We hear lots of contradictory things about the effect of caffeine on athletes. Many of you may be wondering whether you can drink coffee while doing a regular physical activity.


The answer is yes, but in moderation! Different studies contradict one another on this issue but they all tend to show that coffee can have positive effects on sport in small doses, though when consumed in large quantities it can be very harmful!


Coffee: an advantage for sport performance

Everyone knows that coffee tends to stimulate our bodies, particularly our nervous system and brain functions. It excites us, keeps us awake and accelerates the heart rate. This characteristic of caffeine suggests that it may improve our physical performances.In addition, certain studies have shown that it reduces the feeling of tiredness, stimulates the heart and breathing, and allows better use of fats.


Indeed, lots of athletes use caffeine to slim down as it is thought that 200 to 300 mg of caffeine (1 or 2 cups of coffee) before an endurance session will cause the body to burn more fat and less glycogen (carbohydrate reserves stored in the muscles). As a result, drinking coffee allows you to burn off fat more quickly during exercise.


However, the positive effects of consuming caffeine depend on the sport being done and its intensity. Caffeine has a positive effect during moderate exercise on an empty stomach, at around 70% of your maximum heart rate, although in this case caffeine can also cause problems with digestion. Similarly, at altitude (2900 m), it has a positive effect on the ability to adapt to hypoxia, that is, a reduction in the amount of oxygen distributed by the blood to the tissues.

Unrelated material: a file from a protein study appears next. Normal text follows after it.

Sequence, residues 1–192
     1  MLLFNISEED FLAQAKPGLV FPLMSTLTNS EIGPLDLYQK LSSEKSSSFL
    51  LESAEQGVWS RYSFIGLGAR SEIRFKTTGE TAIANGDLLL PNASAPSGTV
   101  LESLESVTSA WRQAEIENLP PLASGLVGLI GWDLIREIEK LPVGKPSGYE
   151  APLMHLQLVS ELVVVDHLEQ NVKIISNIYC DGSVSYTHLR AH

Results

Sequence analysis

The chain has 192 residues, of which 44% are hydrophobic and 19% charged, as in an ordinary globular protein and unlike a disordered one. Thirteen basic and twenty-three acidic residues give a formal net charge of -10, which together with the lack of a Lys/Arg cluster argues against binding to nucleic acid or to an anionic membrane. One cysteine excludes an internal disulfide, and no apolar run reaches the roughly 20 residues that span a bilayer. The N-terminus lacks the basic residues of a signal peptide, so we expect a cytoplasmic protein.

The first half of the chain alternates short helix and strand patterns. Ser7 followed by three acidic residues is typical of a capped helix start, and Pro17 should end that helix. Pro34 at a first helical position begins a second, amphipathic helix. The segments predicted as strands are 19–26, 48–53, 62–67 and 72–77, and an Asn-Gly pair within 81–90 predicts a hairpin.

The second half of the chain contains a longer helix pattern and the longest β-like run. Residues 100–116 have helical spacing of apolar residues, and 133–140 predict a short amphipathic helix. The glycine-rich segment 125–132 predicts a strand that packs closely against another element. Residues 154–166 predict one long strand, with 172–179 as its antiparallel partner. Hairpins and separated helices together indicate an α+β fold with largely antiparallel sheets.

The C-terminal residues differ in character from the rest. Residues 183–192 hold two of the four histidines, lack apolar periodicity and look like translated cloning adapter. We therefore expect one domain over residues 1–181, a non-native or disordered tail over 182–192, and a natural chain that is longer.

Coffee: yes, but in small doses

Although some studies indicate that drinking a moderate amount of coffee can improve our sports performances, you should not drink it excessively. In fact, more than 3 cups of coffee a day, combined with sport, can lead to heartburn, diarrhoea and painful cramps in the gall bladder. It also causes anxiety, insomnia and heart palpitations. This is why it is not recommended for people suffering from heart disease.


Furthermore, excessive coffee consumption weakens the nervous system, reduces immune defences and increases the risk of cardiovascular diseases, osteoporosis and anaemia. A real worry for athletes!


And here's the catch: a recent study shows that coffee tends to reduce blood flow to the heart (by 22%!), and therefore causes a lack of oxygen in the body. This could prevent the heart from adapting to the exercise being done and could be dangerous for the athlete, whose muscles need plenty of oxygen as they exercise. This study contradicts the 1st which suggested that coffee improved athletes' performances, but for now there is no reason for us to choose one over the other…